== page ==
Professional logic must underpin the plan and be clear, understandable and assimilated in each and every one of us, in day-to-day behavior, personal responsibility and mutual guarantee. The responsibility of the younger generation, who are immune to a serious illness, for the older generation is much more vulnerable to the complications of the disease and mortality from it. The distinction between closed spaces and the open air should also be emphasized in the guidelines. The safest in the open air: As long as there is no crowded crowd, there is no professional need to wear a mask outside. On the other hand, wearing a mask indoors is very important.
After the first wave the health system did not receive the resources needed to reinforce it. Precious time went down the drain. Reinforcement, as much as is done at all, today focuses on “irons” instead of the human aspect, on the addition of beds instead of focusing on the addition of manpower and concern for the well-being of worn-out crews and their safety. The limiting factor in the health system’s failure is not the respirators and beds, but the shortening of the breathing of the doctors and nurses. There is something to be done: Recruiting physicians and retired nurses for bureaucratic tasks that do not involve direct contact with patients due to the risk of releasing medical staff to care for patients. Reducing elective surgical activity will make it possible to strengthen the staffs in the internal medicine departments. Hospital administrators still bear the trauma of the Ministry of Health’s decision, then wrong, to shut down elective activity in the first wave of revenue loss that involved, but if they knew they would be fully compensated for such a move economic considerations would not prevent them from making the right decision now.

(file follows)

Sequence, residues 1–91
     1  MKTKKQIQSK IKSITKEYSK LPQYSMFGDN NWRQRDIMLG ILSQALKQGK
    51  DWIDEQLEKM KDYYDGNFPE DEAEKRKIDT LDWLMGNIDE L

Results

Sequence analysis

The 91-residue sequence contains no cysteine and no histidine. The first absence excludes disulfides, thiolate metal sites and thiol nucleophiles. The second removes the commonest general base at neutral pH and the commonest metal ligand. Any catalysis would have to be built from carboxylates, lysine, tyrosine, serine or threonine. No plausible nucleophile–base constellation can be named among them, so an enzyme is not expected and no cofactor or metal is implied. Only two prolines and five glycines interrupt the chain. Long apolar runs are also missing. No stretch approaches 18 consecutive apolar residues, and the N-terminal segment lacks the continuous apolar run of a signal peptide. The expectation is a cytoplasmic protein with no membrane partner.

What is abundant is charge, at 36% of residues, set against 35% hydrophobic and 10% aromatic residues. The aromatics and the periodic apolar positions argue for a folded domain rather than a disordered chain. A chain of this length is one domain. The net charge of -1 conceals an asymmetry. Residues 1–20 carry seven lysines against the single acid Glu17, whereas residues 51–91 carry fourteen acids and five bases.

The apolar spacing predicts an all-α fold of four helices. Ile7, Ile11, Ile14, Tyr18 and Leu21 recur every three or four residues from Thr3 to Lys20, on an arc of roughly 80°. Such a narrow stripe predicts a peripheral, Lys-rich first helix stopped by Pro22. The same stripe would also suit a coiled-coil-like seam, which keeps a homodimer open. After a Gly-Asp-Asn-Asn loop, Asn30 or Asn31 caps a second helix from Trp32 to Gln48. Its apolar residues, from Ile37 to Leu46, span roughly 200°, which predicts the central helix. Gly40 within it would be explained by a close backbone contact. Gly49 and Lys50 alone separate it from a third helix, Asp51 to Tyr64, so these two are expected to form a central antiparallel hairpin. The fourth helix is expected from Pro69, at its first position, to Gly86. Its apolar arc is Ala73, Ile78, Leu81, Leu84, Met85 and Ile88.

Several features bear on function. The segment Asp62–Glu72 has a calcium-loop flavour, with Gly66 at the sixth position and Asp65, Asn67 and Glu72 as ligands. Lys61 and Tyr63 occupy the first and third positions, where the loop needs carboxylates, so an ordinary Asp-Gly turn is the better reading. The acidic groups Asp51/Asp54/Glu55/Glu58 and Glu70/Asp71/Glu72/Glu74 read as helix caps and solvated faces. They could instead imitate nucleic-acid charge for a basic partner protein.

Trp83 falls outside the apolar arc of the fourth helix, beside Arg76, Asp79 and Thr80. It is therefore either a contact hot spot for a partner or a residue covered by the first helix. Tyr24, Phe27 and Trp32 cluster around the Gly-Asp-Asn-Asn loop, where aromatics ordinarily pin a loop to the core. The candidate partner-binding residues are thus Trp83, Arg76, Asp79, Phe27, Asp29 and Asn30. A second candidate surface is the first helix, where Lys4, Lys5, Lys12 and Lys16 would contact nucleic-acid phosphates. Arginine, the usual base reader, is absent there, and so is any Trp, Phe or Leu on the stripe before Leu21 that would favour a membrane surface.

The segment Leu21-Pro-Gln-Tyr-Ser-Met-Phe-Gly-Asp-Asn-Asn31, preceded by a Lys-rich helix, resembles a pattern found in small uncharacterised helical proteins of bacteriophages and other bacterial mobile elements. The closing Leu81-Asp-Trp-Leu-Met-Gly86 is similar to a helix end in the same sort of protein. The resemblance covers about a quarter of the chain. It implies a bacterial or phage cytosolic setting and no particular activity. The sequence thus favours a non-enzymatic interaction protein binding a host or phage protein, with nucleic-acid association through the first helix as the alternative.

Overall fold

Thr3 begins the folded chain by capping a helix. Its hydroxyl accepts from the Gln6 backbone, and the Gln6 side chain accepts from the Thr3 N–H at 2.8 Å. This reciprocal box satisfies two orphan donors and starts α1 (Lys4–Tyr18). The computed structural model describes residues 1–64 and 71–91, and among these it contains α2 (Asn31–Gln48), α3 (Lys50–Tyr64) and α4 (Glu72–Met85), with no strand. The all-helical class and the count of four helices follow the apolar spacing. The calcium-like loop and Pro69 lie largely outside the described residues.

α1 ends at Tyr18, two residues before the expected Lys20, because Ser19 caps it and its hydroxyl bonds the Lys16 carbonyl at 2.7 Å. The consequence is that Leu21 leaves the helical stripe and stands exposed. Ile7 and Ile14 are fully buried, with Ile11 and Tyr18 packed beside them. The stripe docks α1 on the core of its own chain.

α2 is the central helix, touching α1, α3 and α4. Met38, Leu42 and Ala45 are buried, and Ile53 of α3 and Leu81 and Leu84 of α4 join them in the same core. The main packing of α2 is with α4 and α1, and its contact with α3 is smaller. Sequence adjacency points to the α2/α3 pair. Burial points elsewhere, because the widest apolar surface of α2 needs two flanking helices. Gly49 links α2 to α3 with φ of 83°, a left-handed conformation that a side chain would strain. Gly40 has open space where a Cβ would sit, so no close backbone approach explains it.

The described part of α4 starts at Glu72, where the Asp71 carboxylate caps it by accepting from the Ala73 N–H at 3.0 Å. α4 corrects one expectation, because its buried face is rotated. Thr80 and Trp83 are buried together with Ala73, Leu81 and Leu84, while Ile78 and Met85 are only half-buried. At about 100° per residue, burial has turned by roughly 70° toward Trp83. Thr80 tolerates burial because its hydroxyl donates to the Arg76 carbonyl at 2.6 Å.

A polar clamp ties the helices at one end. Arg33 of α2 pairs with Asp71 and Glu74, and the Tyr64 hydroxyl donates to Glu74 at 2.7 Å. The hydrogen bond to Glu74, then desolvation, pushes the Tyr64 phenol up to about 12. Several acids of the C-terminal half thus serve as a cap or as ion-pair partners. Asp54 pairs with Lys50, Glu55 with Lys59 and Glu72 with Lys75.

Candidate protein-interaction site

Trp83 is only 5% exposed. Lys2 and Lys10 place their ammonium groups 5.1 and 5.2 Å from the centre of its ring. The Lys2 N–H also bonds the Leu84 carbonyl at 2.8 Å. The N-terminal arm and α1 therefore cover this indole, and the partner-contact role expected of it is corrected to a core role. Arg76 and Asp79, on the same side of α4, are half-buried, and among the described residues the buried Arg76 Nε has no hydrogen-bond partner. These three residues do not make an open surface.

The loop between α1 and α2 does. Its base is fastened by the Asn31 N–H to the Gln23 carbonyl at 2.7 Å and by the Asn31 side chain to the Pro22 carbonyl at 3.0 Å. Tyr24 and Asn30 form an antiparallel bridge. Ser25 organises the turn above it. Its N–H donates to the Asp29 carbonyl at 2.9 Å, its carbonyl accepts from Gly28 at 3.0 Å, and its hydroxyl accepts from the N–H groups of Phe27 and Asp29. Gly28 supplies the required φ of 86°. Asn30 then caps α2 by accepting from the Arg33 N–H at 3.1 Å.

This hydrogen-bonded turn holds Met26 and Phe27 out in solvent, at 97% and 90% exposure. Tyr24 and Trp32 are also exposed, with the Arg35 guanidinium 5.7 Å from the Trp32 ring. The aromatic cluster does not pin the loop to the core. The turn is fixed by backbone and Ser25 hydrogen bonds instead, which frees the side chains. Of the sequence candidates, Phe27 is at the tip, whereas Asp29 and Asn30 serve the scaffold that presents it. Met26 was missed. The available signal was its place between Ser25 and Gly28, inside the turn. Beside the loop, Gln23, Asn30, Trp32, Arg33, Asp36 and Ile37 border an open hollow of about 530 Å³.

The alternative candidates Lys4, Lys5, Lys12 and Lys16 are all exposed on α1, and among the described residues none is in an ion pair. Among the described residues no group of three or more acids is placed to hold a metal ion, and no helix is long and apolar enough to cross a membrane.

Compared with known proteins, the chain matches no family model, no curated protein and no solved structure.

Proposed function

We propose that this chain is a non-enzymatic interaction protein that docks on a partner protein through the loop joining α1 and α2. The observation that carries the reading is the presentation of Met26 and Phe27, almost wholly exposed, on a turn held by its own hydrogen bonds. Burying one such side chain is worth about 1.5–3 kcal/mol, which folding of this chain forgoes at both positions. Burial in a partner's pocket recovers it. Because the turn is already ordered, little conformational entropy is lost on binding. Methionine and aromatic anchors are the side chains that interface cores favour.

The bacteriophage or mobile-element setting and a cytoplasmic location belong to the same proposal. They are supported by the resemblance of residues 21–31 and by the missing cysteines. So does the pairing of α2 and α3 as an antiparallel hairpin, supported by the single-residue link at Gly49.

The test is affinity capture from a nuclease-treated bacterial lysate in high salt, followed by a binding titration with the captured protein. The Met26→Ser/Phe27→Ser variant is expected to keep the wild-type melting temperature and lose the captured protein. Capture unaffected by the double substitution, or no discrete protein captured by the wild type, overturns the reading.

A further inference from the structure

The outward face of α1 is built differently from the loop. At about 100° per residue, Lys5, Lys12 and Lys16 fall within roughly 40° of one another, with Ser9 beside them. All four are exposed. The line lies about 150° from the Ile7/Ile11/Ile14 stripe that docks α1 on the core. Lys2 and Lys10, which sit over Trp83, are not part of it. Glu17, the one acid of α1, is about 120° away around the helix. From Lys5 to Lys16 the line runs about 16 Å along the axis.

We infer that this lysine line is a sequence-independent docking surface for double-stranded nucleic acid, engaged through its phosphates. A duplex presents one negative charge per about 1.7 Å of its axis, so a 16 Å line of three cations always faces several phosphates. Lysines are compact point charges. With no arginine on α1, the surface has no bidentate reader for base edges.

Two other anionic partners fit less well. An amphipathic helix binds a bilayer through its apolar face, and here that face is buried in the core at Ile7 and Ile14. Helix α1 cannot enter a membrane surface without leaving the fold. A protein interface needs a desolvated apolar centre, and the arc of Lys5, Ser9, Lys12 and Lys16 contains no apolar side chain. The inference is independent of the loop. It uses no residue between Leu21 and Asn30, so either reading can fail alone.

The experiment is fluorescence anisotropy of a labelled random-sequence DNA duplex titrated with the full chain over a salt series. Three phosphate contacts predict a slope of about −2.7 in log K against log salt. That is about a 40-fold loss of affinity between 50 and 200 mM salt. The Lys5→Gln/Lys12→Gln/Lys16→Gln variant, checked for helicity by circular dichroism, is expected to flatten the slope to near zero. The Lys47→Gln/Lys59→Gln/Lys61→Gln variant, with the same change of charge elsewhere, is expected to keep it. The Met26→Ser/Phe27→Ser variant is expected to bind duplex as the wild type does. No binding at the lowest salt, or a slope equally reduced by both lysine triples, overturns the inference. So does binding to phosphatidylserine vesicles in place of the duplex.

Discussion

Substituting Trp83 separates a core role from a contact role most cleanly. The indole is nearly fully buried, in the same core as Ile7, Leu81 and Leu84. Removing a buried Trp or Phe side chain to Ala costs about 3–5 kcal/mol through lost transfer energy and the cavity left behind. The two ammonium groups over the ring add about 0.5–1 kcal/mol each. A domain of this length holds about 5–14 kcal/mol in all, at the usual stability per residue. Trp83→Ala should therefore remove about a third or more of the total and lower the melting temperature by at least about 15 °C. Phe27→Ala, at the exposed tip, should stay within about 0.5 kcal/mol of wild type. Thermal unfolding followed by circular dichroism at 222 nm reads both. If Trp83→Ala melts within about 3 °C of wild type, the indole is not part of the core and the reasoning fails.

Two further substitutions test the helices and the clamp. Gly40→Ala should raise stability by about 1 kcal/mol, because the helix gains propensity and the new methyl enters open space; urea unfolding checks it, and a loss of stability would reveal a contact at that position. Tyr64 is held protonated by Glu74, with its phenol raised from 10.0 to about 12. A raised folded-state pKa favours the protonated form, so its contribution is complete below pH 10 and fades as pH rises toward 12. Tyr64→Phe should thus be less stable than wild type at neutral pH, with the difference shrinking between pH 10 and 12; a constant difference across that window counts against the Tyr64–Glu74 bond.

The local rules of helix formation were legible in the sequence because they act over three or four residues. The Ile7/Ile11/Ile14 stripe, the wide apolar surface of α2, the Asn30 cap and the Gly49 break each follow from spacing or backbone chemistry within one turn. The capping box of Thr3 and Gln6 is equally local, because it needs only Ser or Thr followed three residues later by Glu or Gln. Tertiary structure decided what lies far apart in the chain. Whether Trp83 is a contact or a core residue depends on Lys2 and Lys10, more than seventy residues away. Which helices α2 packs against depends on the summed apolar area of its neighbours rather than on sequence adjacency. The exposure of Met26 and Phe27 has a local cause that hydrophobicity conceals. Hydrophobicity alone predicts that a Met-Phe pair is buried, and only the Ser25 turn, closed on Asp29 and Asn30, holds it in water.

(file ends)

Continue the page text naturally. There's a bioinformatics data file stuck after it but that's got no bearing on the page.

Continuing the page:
There has been a lot of talk in recent days about a red flag that the health system has waved to the government in the face of the difficulty. The health care system is busy, the staffs are worn out, but it is far from collapsing. The message that needs to be conveyed is a message of resilience. The real red flag that medical teams wave is to the Israeli government, for the neglect of the health care system, for the politicization of decision-making in the professional field and for the abandonment of medical staff.
The World Health Organization defines health as follows: “Health is a state of perfect physical, mental and social well-being, and not just the absence of disease.” Decision-makers need to see the big picture, so that we do not pay in public health to prevent disease. There is no need for a full closure at this time. Leadership is needed that knows how to make brave decisions, based on professional rather than political considerations, and withstand pressure. Physical distance measures, in which deep professional and logical thought is invested, with uniform criteria for all, and which true leadership will know how to harness the public to follow, may restore public confidence and achieve a better overall result.